As Canadians deal with weaker growth in disposable income and high levels of household debt, Canada’s food service industry is expected to face challenging times in the near term, according to The Conference Board of Canada’s latest Industrial Outlook: Canada’s Food Services Industry–Winter 2016.
“Canadians now carry the highest debt-to-income ratio among G7 countries,” said Michael Burt, Director, Industrial Economic Trends. “Consumers that prioritize paying off debt could spell bad news for Canada’s food services industry, since one of the first items that households cut back in difficult economic times is dining out.”
- Slowing disposable income growth and record household debt levels could translate into weaker domestic demand to dine out.
- A weak Canadian dollar is encouraging international tourists to visit Canada, and making Canadians rethink travel abroad. This should support rising foreign and domestic tourism spending at food service operations.
- As cost growth outstripped revenue growth in 2015, the industry’s pre-tax profits fell to $1.6 billion.
Growth in consumer spending on dining out varies greatly by province. Alberta’s growing pessimism about future job prospects within the province has led to a decline in per capita spending on food services. Weighed down by an ageing population and poor economic growth, Quebec has experienced only modest improvements in food services spending per capita.
In contrast, Ontario and B.C. continue to experience strong growth in food services spending. Buoyed by strong consumer demand, and robust housing sectors, Ontario and B.C. have seen restaurant receipts rise by an average of 5.3 and 6.9 percent per year respectively since 2012, which compares to an increase of only 3.2 per cent across all other provinces.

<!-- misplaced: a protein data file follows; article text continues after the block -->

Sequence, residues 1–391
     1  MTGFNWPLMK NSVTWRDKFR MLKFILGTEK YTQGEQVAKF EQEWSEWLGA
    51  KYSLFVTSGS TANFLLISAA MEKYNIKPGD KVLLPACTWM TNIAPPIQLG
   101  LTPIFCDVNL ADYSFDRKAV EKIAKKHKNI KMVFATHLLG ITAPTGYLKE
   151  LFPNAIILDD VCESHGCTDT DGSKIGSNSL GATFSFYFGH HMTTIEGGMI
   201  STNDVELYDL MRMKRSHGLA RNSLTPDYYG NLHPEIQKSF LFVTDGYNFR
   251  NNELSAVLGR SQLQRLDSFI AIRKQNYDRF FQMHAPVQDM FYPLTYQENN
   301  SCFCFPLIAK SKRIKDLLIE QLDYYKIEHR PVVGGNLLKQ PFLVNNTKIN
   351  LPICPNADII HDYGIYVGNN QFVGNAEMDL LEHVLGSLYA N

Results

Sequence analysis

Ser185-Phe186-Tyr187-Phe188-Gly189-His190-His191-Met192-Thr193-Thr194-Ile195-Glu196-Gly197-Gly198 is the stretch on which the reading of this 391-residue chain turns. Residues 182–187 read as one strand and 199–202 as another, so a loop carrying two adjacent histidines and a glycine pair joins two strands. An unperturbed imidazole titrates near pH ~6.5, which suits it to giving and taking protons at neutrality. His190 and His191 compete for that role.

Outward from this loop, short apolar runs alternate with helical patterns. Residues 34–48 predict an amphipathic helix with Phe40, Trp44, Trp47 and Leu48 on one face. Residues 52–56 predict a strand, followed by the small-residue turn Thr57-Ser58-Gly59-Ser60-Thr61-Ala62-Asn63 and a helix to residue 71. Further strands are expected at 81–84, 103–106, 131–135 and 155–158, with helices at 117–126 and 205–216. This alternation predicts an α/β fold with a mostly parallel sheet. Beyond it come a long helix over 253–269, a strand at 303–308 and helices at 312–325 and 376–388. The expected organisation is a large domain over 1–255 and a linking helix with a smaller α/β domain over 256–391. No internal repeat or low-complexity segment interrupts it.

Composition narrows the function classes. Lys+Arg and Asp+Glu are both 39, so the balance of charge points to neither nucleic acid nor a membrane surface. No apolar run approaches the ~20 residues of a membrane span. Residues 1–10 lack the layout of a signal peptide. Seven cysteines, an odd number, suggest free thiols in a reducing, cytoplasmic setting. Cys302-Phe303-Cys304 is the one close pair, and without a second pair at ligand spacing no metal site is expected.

With the Canadian dollar expected to remain below 75 cents U.S. in the near term and the strong U.S. economic performance, the outlook for the tourism industry will stay positive. This will provide a much needed boost to the food services industry, as foreign and domestic tourism spending accounts for more than one-fifth of total Canadian food services spending.
Canada’s food services industry is also expected to benefit from innovations, such as food-ordering apps, which will continue to provide opportunities for restaurant operators to promote their menu choices and grow sales to customers who may not have otherwise visited their location.
As cost growth outstripped revenue growth in 2015, pre-tax profits fell to $1.6 billion. Industry profits should improve starting this year, rising to $2.1 billion by 2020.However, profit margins will remain steady averaging around 2.8 per cent over the next five years.